Interact Analysis said in June that good performances by the US, South Korea and China are offset by Europe and Japan, expected to make swift recoveries, and India and Brazil, where slow recoveries are expected. The semiconductor sector is holding back some manufacturing, and some inflation is expected.
Manufacturers remain resilient and strong in the wake of the pandemic, but there are steps they can take to be better prepared for the latest anomalous event.
Process engineers enabled with advanced analytics can have better operational control.
Despite advances, operational technology network cybersecurity still lags information technology cybersecurity.
High-noise manufacturing environments are already difficult places to communicate, but COVID-19 and social distancing make it even harder. Learn how to overcome this challenge.
Manufacturing facilities have unique challenges because of constant ambient background noise that limits effective communication. Practice and investing in the right technology can help mitigate these problems.
The manufacturing industry output (MIO) tracker from Interact Analysis reveals a stronger than expected overall global manufacturing performance in 2020.
Food manufacturers may have to adapt their packaging to meet the requirements of grocery delivery due to COVID-19.
Think Again: programmable controller programming languages, COVID-19 acceleration of engineering, automation and digitalization, and variable frequency drive parameters were among top articles posted on the Control Engineering website during 2020.
Global manufacturing economic forecasts in the wake of COVID-19 have improved thanks to stronger than expected recoveries from the U.S. and China, but there is a long road to recovery, particularly for some key industries.
COVID-19's impact on manufacturing for the short- and long-term depends on the particular industry and the region, though recovery is eventually expected to reach 2019 levels according to Interact Analysis.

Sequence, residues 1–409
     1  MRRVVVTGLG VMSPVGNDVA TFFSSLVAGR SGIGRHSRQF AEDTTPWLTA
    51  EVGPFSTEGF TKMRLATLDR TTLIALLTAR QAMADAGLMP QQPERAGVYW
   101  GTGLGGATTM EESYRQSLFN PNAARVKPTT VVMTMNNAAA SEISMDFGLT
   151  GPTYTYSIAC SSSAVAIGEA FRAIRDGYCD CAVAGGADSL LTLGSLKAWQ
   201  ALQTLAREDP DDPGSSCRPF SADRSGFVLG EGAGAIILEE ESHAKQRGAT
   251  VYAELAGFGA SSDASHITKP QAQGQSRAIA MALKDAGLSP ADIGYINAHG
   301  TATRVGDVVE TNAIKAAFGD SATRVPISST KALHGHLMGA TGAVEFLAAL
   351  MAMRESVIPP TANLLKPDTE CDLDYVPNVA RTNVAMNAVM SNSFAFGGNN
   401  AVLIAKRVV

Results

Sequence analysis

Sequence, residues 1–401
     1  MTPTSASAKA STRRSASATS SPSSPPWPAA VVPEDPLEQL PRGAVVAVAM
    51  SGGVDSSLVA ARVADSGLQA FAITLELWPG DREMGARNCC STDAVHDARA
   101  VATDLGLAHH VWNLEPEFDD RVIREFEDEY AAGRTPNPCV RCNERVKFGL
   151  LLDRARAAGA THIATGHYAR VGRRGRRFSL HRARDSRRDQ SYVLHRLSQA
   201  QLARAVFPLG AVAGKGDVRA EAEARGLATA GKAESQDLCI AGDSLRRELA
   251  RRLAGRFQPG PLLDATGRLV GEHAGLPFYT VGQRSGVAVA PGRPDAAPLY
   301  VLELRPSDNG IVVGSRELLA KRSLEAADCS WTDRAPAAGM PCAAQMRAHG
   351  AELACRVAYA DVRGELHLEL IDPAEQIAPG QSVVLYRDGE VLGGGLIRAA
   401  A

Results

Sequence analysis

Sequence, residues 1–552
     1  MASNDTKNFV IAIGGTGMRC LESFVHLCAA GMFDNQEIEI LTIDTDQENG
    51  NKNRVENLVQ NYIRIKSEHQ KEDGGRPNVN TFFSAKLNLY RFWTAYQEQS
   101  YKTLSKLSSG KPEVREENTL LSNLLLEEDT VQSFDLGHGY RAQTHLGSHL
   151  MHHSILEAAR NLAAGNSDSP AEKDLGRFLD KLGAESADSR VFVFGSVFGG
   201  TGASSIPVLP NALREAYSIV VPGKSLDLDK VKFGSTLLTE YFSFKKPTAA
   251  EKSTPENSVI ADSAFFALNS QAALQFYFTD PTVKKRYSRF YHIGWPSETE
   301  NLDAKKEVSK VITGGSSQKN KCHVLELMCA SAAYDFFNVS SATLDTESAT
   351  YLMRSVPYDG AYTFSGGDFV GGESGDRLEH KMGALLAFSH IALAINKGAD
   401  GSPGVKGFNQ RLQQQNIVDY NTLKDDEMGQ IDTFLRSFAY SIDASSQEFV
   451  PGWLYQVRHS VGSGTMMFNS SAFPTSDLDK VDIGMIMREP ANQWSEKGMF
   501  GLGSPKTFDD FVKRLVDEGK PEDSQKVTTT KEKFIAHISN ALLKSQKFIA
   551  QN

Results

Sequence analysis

While we are still embroiled in the battle to contain and defeat COVID-19, nobody truly knows the eventual outcomes, but we can begin to assess the impacts and respond positively to change.
A study from the University of Birmingham says manufacturers need to redesign and reform their supply chains or global production networks (GPN) if they want to prosper in the wake of the COVID-19 pandemic.
As the economy grows after the COVID-19 pandemic slowdown, manufacturers face challenges and opportunities including industrial disaster recovery, manufacturing supply chains, manufacturer staffing, transparency, and manufacturing investments.
COVID-19 is negatively affecting manufacturing in China and causing series supply chain challenges according to a Control Engineering China April survey. More automation with faster digitalization is the most-expected result in a ranked list.
Recent results of a survey on the impact of the coronavirus displayed a shift towards more positive expectations and minimal impact to the electronic components industry.
Engineers like facts and seek credible information sources on COVID-19 (Coronavirus) effects to the engineering-related world. Engineers also have technologies, processes and expert advice that can help. See Control Engineering highlights.